In other words, Johnson’s Tory Party is certainly more populist than Cameron’s. However, it has also moderated and contained the more extreme elements of the populist agenda. If this trick could be pulled off over time, then the populist insurgency would be absorbed by the status quo and its threat to that status quo neutered. Initially it looked as though it might succeed due to the genius of the British political system, which allows the two major parties to contain and incorporate radical movements on their side before they become a threat to the system. For example, the Labour Party also has thwarted populists within its ranks (in this case, any possible radical socialist movement) and marginalized the Communist Party.
The U.K. can do this because, unlike some other European countries such as Sweden, Italy, Germany and the Netherlands, it does not have a pure proportional representation system and so does not have to apportion seats in Parliament based on a party’s vote share. Instead, it has what is called a “first past the post” system, in which the candidate in each parliamentary constituency who wins the most votes goes to Parliament. This means that even though UKIP obtained 12.6% of the vote in the national election of 2015, it seated only one MP because it won only one constituency. By contrast, the same share of the vote would have earned it dozens of seats in these European countries. This means that the only source of UKIP’s power is public sentiment, not actual parliamentary clout. It also means that the Tories have some breathing room from populist demands, even though UKIP supporters are among its base now.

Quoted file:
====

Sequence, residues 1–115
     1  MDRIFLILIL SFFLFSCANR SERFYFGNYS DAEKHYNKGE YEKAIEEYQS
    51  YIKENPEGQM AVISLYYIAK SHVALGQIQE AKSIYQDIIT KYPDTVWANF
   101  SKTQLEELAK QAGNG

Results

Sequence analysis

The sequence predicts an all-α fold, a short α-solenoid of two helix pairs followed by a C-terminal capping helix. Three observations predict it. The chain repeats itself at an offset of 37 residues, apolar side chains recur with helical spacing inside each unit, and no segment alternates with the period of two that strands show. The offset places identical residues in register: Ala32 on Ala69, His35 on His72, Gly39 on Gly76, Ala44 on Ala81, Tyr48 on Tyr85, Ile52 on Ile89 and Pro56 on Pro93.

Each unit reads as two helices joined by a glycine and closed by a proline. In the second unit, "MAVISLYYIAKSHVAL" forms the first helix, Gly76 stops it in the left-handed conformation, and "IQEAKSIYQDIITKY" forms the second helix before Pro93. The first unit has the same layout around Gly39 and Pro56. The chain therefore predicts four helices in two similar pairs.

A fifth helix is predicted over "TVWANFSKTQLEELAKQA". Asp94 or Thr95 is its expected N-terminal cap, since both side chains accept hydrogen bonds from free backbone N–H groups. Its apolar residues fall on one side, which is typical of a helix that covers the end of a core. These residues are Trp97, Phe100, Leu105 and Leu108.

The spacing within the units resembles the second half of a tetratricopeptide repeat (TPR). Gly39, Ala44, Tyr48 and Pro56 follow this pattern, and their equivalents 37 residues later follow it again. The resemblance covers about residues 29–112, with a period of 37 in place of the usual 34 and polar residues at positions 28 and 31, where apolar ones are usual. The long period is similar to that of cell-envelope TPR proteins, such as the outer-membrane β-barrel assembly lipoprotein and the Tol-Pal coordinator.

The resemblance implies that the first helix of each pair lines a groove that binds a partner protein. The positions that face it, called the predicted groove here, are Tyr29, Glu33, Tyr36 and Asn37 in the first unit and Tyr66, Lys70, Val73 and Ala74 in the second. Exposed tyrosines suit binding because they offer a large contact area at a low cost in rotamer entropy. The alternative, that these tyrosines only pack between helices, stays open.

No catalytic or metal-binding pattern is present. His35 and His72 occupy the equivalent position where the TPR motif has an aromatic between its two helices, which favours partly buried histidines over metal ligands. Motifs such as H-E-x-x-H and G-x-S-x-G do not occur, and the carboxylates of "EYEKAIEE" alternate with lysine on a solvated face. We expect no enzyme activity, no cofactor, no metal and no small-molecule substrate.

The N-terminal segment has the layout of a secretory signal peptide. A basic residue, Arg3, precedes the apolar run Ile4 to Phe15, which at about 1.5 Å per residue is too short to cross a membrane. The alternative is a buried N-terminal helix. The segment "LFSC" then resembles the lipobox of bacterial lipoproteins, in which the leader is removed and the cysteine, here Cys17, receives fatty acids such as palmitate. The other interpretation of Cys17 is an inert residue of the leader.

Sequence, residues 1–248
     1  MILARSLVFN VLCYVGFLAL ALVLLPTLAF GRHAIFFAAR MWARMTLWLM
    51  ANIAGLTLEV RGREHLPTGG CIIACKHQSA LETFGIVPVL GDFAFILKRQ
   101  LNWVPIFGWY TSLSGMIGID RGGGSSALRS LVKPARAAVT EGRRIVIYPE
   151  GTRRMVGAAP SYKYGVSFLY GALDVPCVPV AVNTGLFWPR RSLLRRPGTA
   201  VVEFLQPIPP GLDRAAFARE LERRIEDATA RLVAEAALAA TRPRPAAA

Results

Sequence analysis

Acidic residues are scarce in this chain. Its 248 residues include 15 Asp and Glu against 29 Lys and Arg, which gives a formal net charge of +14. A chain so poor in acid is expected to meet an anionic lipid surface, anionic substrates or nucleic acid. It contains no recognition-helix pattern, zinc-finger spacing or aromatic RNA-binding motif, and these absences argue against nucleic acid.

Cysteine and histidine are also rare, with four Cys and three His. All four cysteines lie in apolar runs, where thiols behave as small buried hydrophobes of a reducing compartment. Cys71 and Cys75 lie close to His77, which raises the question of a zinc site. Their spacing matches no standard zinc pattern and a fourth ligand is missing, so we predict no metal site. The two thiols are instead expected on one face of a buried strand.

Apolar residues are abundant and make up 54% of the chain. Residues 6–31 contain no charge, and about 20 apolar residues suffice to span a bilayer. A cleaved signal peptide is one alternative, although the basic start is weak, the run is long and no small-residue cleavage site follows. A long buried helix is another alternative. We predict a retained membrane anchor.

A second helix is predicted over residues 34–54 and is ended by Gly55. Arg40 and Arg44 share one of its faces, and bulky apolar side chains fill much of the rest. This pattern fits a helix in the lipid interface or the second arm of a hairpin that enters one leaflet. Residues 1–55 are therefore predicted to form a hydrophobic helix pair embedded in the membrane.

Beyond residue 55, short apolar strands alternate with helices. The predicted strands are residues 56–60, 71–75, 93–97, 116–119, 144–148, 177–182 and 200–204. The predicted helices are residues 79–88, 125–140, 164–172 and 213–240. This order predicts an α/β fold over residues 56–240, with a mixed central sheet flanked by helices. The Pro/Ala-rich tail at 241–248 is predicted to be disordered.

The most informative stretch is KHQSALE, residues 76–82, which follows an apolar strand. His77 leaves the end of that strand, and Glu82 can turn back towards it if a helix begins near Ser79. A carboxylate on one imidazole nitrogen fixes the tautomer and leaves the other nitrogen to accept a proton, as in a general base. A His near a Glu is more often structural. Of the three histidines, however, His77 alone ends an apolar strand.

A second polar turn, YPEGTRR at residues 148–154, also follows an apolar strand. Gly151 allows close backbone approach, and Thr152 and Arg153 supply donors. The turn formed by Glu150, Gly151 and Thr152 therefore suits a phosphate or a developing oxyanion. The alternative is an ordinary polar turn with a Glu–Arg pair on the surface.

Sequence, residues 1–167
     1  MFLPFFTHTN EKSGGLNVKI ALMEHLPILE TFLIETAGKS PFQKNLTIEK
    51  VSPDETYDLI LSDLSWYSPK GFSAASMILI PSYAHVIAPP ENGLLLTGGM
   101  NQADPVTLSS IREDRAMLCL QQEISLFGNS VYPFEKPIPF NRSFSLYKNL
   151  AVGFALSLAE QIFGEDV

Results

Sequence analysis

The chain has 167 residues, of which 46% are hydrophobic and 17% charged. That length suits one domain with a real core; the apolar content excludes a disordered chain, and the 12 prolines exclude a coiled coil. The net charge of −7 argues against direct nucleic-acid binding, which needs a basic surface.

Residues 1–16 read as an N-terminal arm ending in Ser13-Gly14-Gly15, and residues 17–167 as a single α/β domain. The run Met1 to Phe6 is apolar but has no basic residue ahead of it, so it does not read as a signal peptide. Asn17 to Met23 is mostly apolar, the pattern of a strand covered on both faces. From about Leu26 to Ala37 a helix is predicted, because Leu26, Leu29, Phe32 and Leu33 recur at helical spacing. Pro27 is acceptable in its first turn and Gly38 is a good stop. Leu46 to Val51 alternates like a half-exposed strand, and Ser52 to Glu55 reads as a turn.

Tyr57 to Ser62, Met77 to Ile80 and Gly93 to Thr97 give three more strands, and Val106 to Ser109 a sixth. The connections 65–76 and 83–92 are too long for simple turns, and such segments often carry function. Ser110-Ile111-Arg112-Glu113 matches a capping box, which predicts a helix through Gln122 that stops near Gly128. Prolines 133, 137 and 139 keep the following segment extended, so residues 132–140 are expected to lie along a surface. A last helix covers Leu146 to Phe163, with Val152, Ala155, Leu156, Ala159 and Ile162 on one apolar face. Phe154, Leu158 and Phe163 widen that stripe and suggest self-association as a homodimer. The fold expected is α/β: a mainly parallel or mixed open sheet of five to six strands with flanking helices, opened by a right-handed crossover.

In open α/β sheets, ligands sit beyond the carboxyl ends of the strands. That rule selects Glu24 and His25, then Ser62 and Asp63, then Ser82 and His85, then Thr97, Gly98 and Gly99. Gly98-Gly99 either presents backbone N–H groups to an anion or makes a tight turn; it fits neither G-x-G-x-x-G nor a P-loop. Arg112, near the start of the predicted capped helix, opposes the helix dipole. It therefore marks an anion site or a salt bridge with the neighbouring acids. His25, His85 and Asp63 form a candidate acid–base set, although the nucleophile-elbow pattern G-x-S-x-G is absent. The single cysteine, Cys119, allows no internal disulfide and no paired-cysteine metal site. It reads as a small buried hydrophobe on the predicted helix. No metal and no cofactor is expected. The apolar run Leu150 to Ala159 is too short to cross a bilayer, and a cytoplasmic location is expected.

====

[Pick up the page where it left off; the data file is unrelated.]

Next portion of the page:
The other reason that the Tories have avoided getting captured by populists is the undemocratic nature of U.K. party politics. Indeed, there is nothing equivalent to America’s primary system in England that would allow populists to mount a grassroots insurgency. In the U.K., both parties remain top-down organizations controlled by a relatively small political class that picks the candidates who may run for high political office. To be sure, party leaders will often support a candidate whom they may not like but who wins elections. Johnson is a good example of this— although the same Tory leaders may soon force him out thanks to the public uproar over his attendance in two parties in violation of his own COVID-19 lockdown rules. But there is no way that the voters can have a direct say in candidate selection or policy formation. That is the decision of the party’s elders and theirs alone.